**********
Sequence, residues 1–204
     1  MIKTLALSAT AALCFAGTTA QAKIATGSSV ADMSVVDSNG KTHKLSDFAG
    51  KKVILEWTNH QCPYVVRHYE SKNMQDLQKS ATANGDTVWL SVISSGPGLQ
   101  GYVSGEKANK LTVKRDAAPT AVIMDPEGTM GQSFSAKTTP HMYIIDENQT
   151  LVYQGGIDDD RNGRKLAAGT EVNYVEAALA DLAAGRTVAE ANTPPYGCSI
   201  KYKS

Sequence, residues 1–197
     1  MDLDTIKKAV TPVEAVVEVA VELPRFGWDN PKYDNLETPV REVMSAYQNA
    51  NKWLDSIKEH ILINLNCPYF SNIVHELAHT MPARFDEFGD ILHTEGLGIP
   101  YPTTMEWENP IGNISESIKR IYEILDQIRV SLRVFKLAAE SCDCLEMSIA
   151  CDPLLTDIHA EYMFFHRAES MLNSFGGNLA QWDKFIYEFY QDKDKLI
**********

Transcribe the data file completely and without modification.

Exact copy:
Sequence, residues 1–204
     1  MIKTLALSAT AALCFAGTTA QAKIATGSSV ADMSVVDSNG KTHKLSDFAG
    51  KKVILEWTNH QCPYVVRHYE SKNMQDLQKS ATANGDTVWL SVISSGPGLQ
   101  GYVSGEKANK LTVKRDAAPT AVIMDPEGTM GQSFSAKTTP HMYIIDENQT
   151  LVYQGGIDDD RNGRKLAAGT EVNYVEAALA DLAAGRTVAE ANTPPYGCSI
   201  KYKS

Sequence, residues 1–197
     1  MDLDTIKKAV TPVEAVVEVA VELPRFGWDN PKYDNLETPV REVMSAYQNA
    51  NKWLDSIKEH ILINLNCPYF SNIVHELAHT MPARFDEFGD ILHTEGLGIP
   101  YPTTMEWENP IGNISESIKR IYEILDQIRV SLRVFKLAAE SCDCLEMSIA
   151  CDPLLTDIHA EYMFFHRAES MLNSFGGNLA QWDKFIYEFY QDKDKLI